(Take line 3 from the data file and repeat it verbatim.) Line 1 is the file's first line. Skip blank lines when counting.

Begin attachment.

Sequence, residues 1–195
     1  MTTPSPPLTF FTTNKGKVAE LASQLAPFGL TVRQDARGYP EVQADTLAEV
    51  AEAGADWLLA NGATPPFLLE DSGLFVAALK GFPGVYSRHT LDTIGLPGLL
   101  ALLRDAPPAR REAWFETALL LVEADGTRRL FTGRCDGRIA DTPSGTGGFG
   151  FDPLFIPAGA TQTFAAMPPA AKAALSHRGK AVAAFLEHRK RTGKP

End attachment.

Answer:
    51  AEAGADWLLA NGATPPFLLE DSGLFVAALK GFPGVYSRHT LDTIGLPGLL